The Letters of Horace Walpole, Earl of Orford — Volume 3 eBook

This eBook from the Gutenberg Project consists of approximately 1,055 pages of information about The Letters of Horace Walpole, Earl of Orford — Volume 3.

Letter 147 To The Hon. H. S. Conway.

Strawberry Hill, Feb. 28, 1763. (page 203)

Your letter of the 19th seems to postpone your arrival rather than advance it; yet Lady Ailesbury tells me that to her you talk of being here in ten days.  I wish devoutly to see you, though I am not departing myself; but I am impatient to have your disagreeable function(264) at an end, and to know that you enjoy Yourself after such fatigues, dangers, and ill-requited services.  For any public satisfaction you will receive in being at home, you must not expect much.  Your mind was not formed to float on the surface of a mercenary world.  My prayer (and my belief) is, that you may always prefer what you always have preferred, your integrity to success.  You will then laugh, as I do, at the attacks and malice of faction or ministers.  I taste of both; but, as my health is recovered, and My Mind does not reproach me, they will perhaps only give me an opportunity, which I should never have sought, of proving that I have some virtue—­and it will not be proved in the way they probably expect.  I have better evidence than by hanging out the tattered ensigns of patriotism.  But this and a thousand other things I shall reserve for our meeting.  Your brother has pressed me much to go with him, if he goes, to Paris.(265) I take it very kindly, but have excused myself, though I have promised either to accompany him for a short time at first, or to go to him if he should have any particular occasion for me:  but my resolution against ever appearing in any public light is unalterable.  When I wish to live less and less in the world here, I cannot think of mounting a new stage at Paris.  At this moment I am alone here, while every body is balloting in the House of Commons.  Sir John Philips proposed a commission of accounts, which has been converted into a select committee of twenty-one, eligible by ballot.  As the ministry is not predominant in the affections of mankind, some of them may find a jury elected that will not be quite so complaisant as the House is in general when their votes are given openly.  As many may be glad of this opportunity, I shun it; for I should scorn to do any thing in secret, though I have some enemies that are not quite so generous.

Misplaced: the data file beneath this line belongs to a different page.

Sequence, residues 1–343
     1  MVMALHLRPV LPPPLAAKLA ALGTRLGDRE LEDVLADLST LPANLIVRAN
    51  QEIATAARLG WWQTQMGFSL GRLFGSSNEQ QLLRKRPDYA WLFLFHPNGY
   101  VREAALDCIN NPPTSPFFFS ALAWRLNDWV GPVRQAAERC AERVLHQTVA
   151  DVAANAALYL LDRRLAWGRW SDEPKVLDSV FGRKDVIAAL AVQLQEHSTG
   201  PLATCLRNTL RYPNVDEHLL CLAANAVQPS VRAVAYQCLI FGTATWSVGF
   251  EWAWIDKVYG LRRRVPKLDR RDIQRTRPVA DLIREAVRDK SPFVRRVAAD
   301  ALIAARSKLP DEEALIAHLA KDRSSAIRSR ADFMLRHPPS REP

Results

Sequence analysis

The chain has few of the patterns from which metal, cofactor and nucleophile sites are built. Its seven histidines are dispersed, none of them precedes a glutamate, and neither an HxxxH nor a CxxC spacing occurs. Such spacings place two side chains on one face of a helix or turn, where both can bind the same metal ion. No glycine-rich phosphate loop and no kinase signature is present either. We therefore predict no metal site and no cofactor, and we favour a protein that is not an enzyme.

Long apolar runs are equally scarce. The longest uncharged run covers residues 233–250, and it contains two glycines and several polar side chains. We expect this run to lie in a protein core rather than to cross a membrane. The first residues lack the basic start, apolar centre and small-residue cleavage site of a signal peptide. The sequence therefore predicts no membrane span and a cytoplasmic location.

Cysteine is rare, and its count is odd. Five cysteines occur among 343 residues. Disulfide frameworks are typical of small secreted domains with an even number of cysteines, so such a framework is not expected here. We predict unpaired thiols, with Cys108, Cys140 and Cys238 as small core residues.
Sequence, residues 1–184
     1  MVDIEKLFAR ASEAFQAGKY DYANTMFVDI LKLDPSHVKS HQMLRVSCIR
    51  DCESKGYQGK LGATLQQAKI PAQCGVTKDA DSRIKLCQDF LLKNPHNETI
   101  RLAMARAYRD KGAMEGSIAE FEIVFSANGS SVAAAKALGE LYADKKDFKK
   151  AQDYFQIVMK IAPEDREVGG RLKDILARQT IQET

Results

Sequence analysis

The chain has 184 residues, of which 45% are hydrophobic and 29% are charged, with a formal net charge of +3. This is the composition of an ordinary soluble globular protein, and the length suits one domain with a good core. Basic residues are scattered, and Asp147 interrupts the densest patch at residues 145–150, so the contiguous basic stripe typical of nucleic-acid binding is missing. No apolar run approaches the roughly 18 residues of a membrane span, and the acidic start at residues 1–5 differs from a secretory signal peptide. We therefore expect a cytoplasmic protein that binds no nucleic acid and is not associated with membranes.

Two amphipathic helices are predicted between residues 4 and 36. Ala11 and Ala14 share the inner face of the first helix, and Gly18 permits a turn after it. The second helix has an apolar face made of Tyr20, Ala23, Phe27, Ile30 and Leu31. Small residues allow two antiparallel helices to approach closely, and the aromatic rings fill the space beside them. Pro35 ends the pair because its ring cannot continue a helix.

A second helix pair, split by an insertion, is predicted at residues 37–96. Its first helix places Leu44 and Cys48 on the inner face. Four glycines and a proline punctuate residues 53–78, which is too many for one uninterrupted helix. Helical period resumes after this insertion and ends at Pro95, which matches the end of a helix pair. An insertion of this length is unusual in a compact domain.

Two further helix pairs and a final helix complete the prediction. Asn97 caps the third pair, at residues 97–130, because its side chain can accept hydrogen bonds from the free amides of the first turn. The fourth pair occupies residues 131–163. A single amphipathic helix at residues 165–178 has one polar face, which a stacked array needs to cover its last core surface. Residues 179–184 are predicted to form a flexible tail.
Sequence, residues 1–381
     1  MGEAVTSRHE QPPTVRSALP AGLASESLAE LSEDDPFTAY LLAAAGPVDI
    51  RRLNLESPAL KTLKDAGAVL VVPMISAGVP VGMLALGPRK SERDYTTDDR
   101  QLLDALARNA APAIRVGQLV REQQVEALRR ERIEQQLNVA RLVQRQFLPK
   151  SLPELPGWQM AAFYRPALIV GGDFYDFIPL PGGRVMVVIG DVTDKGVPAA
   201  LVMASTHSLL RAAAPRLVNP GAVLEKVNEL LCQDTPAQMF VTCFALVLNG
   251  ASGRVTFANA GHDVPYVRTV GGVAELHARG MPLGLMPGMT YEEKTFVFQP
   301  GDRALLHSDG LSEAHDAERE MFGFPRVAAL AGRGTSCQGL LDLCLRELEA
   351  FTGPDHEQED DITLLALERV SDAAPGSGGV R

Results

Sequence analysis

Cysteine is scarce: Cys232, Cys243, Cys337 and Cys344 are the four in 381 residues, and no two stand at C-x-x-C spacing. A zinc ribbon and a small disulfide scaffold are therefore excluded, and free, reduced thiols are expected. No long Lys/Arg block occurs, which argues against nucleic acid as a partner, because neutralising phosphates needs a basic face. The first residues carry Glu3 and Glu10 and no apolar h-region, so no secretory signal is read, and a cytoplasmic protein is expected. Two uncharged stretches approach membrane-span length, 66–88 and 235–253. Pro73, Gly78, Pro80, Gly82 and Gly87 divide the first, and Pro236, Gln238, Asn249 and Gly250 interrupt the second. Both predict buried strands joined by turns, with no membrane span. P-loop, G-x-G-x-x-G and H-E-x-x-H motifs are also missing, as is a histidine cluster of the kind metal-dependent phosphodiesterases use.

You say you have seen the North Briton, in which I make a capital figure.  Wilkes, the author, I hear, says, that if he had thought I should have taken it so well, he would have been damned before he would have written it-but I am not sore where I am not sore.

The theatre of Covent-garden has suffered more by riots than even Drury-lane.(266) A footman of Lord Dacre has been hanged for murdering the butler.  George Selwyn had great hand in bringing him to confess it.  That Selwyn should be a capital performer in a scene of that kind is not extraordinary:  I tell it you for the strange coolness which the young fellow, who was but nineteen, expressed:  as he was writing his confession, “I murd—­” he stopped, and asked, “how do you spell murdered?”

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